Wheel Modelling and Cooling Flow Effects on Car Aerodynamics
Doktorsavhandling, 2018

In recent years, the automotive industry has focused on computer simulations as an alternative to physical testing. This allows for early vehicle optimization, short turn around times, and significant cost savings. Aerodynamics is an important vehicle attribute where Computational Fluid Dynamics (CFD) simulations are being used to improve vehicle design. In this context, predicting the aerodynamic forces in CFD is challenging, given the complexity of both the geometry and the flow. Two main areas where discrepancies between CFD and wind tunnel tests are present are wheel aerodynamics and cooling flow.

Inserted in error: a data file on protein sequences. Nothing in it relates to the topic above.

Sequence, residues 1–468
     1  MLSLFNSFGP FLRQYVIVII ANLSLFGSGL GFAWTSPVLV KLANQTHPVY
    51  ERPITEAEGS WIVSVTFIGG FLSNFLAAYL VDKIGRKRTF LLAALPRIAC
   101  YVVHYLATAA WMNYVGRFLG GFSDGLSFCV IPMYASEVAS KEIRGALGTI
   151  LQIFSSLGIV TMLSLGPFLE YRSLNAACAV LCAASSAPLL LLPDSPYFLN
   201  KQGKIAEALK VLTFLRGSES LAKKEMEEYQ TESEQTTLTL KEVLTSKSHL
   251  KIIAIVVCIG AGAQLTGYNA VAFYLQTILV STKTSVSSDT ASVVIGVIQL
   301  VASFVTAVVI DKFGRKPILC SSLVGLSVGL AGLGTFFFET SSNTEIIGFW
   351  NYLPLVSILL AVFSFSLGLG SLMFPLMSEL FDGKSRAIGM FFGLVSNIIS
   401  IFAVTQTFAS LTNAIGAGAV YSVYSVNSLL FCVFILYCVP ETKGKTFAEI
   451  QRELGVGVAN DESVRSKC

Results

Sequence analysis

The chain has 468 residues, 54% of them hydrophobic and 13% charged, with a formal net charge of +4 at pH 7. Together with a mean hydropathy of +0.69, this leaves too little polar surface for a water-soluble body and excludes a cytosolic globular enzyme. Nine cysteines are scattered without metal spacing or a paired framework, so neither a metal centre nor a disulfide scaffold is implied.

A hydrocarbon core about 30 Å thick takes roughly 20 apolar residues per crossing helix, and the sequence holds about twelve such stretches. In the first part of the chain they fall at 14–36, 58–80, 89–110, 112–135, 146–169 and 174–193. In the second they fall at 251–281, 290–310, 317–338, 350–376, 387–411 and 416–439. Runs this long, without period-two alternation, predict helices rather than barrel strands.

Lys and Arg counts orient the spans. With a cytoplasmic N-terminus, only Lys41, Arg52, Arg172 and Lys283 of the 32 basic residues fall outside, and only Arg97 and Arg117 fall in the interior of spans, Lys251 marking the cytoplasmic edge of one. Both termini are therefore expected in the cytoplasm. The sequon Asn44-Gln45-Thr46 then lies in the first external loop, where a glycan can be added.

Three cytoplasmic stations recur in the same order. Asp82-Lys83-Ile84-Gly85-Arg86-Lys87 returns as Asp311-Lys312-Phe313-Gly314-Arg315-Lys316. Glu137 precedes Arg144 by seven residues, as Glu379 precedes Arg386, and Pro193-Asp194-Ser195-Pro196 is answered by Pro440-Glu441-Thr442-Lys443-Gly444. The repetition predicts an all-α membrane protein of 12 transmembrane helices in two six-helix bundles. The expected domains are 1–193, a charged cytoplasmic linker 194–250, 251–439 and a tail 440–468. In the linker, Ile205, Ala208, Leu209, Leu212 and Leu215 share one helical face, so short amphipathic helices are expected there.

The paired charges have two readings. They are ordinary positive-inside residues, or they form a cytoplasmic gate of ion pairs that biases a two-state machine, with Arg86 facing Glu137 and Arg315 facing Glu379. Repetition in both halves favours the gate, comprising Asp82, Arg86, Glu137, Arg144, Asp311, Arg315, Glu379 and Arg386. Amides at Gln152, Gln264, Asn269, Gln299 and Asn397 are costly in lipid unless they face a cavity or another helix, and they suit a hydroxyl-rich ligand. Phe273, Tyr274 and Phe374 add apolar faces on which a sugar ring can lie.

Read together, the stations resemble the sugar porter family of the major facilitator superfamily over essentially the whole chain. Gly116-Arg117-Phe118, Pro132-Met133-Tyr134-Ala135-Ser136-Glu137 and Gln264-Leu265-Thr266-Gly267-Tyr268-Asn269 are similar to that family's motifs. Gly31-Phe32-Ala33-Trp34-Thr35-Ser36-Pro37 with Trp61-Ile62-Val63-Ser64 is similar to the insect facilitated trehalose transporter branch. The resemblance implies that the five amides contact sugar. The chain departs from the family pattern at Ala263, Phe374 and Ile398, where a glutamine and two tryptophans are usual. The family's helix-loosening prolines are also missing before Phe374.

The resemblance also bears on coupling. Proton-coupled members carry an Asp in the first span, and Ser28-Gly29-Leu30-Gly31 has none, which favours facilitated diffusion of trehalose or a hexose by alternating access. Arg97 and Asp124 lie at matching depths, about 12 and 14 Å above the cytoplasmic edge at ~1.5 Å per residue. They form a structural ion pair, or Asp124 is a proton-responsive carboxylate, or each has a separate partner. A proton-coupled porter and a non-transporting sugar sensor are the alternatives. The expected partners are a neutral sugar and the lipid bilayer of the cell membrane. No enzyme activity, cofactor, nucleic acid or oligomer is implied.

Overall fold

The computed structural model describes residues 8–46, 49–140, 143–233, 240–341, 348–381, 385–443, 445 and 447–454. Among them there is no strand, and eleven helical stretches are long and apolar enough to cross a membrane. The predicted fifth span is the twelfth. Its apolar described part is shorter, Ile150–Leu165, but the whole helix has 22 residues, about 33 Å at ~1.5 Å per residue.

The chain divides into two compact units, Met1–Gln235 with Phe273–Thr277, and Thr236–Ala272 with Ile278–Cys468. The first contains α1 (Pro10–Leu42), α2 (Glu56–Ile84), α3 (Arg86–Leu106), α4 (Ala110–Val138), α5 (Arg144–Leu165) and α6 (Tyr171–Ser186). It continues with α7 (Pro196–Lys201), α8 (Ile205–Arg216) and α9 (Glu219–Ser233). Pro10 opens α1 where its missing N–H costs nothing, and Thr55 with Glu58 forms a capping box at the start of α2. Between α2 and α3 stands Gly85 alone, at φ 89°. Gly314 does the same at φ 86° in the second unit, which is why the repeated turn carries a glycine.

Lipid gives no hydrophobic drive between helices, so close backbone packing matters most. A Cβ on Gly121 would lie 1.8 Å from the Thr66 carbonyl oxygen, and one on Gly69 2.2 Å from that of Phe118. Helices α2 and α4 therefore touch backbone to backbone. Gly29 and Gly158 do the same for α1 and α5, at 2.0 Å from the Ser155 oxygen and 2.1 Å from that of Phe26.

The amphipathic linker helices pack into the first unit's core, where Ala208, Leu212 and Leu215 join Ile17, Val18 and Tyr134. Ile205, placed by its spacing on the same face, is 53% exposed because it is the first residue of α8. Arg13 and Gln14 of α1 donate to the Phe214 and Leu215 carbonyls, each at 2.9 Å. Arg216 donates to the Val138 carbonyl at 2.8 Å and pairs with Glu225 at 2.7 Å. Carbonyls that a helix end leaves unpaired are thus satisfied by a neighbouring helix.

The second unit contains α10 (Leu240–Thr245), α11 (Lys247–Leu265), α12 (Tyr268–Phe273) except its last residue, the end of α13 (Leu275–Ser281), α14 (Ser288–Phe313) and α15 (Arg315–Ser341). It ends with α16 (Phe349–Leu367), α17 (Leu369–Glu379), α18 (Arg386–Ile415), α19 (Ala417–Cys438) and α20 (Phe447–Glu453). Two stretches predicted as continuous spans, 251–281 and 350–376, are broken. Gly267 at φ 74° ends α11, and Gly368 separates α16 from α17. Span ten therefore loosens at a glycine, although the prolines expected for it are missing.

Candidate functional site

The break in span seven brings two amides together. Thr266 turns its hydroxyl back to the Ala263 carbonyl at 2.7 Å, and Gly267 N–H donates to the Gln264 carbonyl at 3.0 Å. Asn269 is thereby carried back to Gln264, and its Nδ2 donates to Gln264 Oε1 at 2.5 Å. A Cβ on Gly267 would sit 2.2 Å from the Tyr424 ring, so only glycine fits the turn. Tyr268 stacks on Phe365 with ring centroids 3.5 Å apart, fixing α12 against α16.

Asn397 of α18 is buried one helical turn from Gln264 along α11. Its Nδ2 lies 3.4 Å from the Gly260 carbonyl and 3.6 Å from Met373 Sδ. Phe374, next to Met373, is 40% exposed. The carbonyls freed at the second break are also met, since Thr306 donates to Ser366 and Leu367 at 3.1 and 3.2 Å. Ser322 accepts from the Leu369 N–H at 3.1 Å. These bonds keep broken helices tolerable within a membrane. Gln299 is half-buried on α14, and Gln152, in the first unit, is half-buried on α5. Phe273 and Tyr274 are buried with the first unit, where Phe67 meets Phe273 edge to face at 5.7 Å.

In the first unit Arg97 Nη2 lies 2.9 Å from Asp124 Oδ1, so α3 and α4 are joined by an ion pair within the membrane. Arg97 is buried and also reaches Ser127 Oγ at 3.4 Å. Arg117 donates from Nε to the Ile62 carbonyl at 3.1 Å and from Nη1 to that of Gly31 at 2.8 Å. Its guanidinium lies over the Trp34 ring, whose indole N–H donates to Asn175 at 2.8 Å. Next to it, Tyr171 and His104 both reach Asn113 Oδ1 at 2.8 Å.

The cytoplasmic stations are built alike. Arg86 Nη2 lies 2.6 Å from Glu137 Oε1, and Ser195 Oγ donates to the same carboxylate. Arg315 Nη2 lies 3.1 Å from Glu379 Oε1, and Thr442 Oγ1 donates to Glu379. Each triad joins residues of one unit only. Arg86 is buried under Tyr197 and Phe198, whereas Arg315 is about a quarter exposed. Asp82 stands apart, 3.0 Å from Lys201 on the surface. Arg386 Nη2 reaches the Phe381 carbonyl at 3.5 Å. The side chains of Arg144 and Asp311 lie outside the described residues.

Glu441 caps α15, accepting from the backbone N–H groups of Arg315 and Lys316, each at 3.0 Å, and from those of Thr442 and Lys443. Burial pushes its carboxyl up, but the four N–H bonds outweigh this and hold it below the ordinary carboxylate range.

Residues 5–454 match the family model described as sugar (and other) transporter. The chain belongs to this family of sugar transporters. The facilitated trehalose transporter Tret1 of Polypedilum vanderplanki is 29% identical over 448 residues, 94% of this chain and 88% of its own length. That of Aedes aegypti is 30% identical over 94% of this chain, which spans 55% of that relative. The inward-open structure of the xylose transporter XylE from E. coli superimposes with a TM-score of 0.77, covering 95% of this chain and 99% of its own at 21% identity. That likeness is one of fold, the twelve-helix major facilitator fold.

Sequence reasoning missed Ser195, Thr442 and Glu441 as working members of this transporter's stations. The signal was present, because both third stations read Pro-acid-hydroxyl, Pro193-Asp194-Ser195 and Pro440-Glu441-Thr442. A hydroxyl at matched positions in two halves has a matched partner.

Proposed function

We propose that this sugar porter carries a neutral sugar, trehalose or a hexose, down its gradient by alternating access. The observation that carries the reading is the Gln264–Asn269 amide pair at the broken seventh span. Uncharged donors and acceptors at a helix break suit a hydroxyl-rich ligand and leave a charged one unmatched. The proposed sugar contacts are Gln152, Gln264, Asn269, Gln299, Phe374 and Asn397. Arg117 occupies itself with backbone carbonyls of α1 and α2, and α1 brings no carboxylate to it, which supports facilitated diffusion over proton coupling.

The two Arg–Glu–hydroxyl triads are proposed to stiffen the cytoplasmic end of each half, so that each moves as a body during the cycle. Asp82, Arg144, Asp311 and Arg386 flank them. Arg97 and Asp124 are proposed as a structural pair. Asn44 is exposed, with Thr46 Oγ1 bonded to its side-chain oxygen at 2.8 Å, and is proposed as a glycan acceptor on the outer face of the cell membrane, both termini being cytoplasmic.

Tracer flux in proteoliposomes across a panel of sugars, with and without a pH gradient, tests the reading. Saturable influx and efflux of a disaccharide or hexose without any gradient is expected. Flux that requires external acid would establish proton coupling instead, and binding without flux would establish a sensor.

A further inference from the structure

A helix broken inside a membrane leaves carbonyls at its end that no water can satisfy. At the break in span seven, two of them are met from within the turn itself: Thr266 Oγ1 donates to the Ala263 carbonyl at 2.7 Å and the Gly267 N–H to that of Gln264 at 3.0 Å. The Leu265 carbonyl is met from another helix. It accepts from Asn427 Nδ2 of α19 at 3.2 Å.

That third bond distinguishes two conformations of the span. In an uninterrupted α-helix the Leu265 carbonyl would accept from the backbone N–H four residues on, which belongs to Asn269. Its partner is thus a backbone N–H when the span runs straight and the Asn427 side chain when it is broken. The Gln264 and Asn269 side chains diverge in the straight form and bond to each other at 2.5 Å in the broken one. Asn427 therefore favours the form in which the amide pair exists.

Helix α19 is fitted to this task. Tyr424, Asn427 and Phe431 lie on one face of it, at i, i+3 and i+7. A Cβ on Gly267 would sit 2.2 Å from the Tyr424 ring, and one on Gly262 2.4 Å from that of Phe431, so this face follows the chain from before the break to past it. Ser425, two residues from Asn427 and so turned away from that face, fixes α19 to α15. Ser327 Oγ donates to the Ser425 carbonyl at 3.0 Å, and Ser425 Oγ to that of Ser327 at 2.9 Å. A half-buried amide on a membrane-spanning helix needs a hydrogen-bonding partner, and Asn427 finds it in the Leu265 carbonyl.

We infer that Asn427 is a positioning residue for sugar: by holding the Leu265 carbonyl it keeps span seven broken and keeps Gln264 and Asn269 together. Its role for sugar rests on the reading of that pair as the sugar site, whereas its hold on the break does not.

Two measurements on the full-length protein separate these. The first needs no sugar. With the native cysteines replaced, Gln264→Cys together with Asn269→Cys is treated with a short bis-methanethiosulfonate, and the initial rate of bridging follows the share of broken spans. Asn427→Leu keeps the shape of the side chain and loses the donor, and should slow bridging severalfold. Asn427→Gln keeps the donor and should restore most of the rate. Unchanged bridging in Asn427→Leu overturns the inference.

Wheel aerodynamics has been the focus of CFD research for several years, especially with the expected introduction of the Worldwide harmonized Light vehicles Test Procedure (WLTP) regulations. Car manufactures will need to evaluate the drag of the vehicle for all different rim and tyre combinations sold with the car, in order to determine its official fuel consumption. Thus, accurate modelling of tyre and rims in CFD is a high priority for vehicle manufacturers, in order to optimize vehicle design without large increases in testing costs. This thesis investigates the effects of different wheel geometries, as well as different wheel rotation modelling techniques and their effect on overall vehicle forces. A hybrid approach for modelling tyre rotation, named MRFg, has been proposed and analysed. It showed significant improvements in numerical prediction, when compared to experimental results. MRFg can be applied on the loaded and deformed tyres with no significant cost increase. Investigations into the tyre geometry also showed that the CFD accuracy can be improved by reproducing the rain grooves' continuity at the contact patch in the virtual model. The rain grooves have been show to reduce overall vehicle drag in both the wind tunnel tests and the simulations.